About local Hamilton publishing house Wolsak and Wynn
A behind-the-scenes look into the publisher giving a voice to Canadian writers
Wolsak and Wynn is a publishing house located in downtown Hamilton on James Street North. They have been in business for over forty years, and they are dedicated to publishing Canadian voices.
The publishing house was opened in 1982 by Heather Cadsby and Marja Jacobs, two poets who believed that Canadian poetry was being neglected in the publishing world and decided to take matters into their own hands. Wolsak and Wynn has since expanded to include literary fiction.
Currently, there are three imprints being handled by the publisher. Imprints refer to smaller publishers under the charge of a large one and usually focus on niche genres and areas of writing. These include Buckrider Books, James Street North Books and Poplar Press.
Noelle Allen is the current owner and publisher of Wolsak and Wynn. Sixteen years ago, she purchased the press from Jacobs after Cadsby retired.
Wolsak and Wynn is a unique publisher due to their size and impact.
“To my knowledge, there is no other publisher like us in Hamilton. There are some other smaller publishing companies coming up, but we've been around for a long time… [Now] we are Hamilton’s biggest literary publisher,” said Allen.
With their multiple imprints, Wolsak and Wynn can focus on various subjects such as books about Hamilton, cutting-edge fiction and literary nonfiction. It allows for better variety for readers and maintaining Canandian voices in their products.
According to Allen, Wolsak and Wynn’s writers have been received very positively, and many have won awards for their works. For example, one of their books was longlisted for the Scotiabank Giller Prize as well as others being awarded multiple Governor General’s Literary Awards. Wolsak and Wynn also published Yardwork, a work of literary nonfiction by McMaster University professor Daniel Coleman, which was shortlisted for the RBC Taylor Prize in 2018.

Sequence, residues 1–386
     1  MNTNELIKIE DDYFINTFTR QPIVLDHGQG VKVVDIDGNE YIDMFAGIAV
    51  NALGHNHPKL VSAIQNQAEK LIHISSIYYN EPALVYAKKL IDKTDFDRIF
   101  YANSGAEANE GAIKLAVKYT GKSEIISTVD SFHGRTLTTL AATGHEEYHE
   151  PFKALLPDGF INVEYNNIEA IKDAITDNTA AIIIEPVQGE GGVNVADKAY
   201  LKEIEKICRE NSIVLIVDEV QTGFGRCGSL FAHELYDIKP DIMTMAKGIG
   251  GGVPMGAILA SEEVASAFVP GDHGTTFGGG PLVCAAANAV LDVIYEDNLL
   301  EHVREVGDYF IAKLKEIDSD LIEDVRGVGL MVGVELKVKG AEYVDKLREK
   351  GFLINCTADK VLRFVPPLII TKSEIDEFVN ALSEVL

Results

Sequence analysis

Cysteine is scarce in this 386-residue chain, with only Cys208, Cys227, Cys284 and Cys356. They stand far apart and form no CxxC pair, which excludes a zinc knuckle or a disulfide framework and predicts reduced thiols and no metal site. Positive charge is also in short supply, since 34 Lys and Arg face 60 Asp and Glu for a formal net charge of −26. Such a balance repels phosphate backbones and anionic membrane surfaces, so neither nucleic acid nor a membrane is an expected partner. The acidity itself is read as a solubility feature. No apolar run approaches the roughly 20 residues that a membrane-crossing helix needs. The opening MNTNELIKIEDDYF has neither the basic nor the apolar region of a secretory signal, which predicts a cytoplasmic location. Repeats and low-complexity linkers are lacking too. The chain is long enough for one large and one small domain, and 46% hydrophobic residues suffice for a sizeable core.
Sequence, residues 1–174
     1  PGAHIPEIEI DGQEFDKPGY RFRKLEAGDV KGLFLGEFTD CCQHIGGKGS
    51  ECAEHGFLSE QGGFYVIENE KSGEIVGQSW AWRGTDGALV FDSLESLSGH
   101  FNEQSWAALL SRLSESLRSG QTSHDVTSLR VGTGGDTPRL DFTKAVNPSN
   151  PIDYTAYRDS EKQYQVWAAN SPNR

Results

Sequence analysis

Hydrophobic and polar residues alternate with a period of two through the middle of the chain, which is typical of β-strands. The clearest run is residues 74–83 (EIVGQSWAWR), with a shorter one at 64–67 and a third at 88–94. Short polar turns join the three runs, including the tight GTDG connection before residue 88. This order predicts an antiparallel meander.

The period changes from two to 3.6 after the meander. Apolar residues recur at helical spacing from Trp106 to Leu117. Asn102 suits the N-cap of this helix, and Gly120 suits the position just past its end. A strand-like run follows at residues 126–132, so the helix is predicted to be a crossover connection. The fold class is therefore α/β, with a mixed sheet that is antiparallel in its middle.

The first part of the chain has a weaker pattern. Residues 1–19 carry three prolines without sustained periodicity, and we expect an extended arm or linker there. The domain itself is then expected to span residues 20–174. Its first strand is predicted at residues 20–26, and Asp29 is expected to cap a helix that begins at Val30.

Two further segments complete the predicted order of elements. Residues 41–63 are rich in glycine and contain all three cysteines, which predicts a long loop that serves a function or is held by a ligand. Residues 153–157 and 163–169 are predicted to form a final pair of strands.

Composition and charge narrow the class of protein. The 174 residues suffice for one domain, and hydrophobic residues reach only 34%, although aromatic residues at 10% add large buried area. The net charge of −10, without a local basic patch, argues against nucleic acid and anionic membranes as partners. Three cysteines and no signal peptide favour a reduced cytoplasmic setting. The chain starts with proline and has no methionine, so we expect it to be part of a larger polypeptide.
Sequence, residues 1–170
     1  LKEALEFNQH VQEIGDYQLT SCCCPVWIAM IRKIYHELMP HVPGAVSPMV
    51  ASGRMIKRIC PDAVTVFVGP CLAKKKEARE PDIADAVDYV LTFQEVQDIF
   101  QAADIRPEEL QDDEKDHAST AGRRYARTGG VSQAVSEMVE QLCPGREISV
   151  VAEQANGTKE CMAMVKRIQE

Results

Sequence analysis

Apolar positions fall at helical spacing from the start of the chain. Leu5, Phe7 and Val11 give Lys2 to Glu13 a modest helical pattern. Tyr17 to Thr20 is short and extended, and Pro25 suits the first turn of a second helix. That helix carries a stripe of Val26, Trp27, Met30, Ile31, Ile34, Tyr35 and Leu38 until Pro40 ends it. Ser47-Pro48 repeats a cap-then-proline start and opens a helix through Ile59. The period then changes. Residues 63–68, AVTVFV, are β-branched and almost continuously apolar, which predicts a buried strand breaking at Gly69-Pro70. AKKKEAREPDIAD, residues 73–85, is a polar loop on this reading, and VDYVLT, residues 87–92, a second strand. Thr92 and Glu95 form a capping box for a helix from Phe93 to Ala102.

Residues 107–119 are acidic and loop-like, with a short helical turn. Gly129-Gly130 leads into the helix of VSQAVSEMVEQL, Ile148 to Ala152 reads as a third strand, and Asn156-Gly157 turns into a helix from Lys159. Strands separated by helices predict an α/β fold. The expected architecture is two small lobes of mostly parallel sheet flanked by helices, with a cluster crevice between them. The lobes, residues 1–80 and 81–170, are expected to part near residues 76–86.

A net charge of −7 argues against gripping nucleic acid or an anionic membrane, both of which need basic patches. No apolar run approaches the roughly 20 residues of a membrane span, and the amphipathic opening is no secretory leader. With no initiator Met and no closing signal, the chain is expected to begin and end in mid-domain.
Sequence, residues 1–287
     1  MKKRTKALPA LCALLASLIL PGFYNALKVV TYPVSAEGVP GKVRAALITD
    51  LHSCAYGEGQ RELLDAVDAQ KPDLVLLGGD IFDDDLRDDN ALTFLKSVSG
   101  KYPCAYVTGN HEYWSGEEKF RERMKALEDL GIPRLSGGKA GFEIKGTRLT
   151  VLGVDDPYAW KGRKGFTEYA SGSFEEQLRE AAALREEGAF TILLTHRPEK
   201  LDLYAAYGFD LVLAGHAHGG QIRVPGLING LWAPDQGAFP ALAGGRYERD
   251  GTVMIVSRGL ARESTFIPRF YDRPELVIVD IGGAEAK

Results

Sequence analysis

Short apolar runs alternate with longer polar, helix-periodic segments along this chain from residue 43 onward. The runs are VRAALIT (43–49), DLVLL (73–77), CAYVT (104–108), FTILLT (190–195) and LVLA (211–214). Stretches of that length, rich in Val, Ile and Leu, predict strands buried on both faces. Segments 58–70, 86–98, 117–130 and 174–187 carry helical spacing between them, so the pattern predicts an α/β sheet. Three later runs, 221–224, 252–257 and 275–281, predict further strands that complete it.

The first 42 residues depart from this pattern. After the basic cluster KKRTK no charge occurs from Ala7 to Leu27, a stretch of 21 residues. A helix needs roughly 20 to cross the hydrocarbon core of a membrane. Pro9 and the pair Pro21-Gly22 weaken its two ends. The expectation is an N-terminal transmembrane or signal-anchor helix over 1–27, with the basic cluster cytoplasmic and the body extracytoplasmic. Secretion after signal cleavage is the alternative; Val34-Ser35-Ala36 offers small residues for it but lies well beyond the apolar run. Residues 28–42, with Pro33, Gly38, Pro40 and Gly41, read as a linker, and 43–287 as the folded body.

Allen advised students interested in submitting a manuscript to first have a few writing publications under their belt. She also explained that it's best to research publishing houses to see what they have published and to determine if you have similar tastes. Regardless, Wolsak and Wynn is open to any submissions, and they do not require writers to have a literary agent. They are open from January to March for unsolicited submissions.
For students interested in breaking into the publishing industry, Allen recommended volunteering at literary events, such as the Lit Live Reading Series, to get a sense of authors and their works. Allen also recommended learning editing and copyediting skills.
“I always recommend, if anybody's going to really pursue publishing, to take a copyediting course . . . Taking a copy editing course teaches you to look at words in a different way and gives you a lot of the language for how we look at things in publishing,” said Allen.
Wolsak and Wynn does have internships for students interested in pursuing a career in publishing, though they normally take people from publishing programs, and they only take one person at a time. To see if there is an opening or if there will be one soon, Allen recommended contacting her directly.
Allen also emphasized that students should try to read as many Canadian authors as possible. There are many wonderful works by Canadians out there, with different writing styles than you would find in the US or around the world.
For students who have a passion for books or writing, Wolsak and Wynn could be a great place to find your next favourite read.